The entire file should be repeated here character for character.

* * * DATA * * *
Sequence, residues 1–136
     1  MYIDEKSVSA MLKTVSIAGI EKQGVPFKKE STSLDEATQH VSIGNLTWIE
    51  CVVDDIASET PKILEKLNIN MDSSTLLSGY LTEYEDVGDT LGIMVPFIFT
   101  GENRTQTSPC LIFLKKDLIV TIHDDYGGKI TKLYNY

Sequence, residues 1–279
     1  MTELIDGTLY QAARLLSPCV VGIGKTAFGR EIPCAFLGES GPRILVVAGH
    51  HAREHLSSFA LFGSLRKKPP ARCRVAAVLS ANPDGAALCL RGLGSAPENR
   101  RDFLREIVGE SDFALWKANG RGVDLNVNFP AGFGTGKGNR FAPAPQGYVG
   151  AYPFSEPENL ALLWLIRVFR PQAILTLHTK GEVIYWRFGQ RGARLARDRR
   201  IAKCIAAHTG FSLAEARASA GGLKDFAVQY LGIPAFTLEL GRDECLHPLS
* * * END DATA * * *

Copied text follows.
Sequence, residues 1–136
     1  MYIDEKSVSA MLKTVSIAGI EKQGVPFKKE STSLDEATQH VSIGNLTWIE
    51  CVVDDIASET PKILEKLNIN MDSSTLLSGY LTEYEDVGDT LGIMVPFIFT
   101  GENRTQTSPC LIFLKKDLIV TIHDDYGGKI TKLYNY

Sequence, residues 1–279
     1  MTELIDGTLY QAARLLSPCV VGIGKTAFGR EIPCAFLGES GPRILVVAGH
    51  HAREHLSSFA LFGSLRKKPP ARCRVAAVLS ANPDGAALCL RGLGSAPENR
   101  RDFLREIVGE SDFALWKANG RGVDLNVNFP AGFGTGKGNR FAPAPQGYVG
   151  AYPFSEPENL ALLWLIRVFR PQAILTLHTK GEVIYWRFGQ RGARLARDRR
   201  IAKCIAAHTG FSLAEARASA GGLKDFAVQY LGIPAFTLEL GRDECLHPLS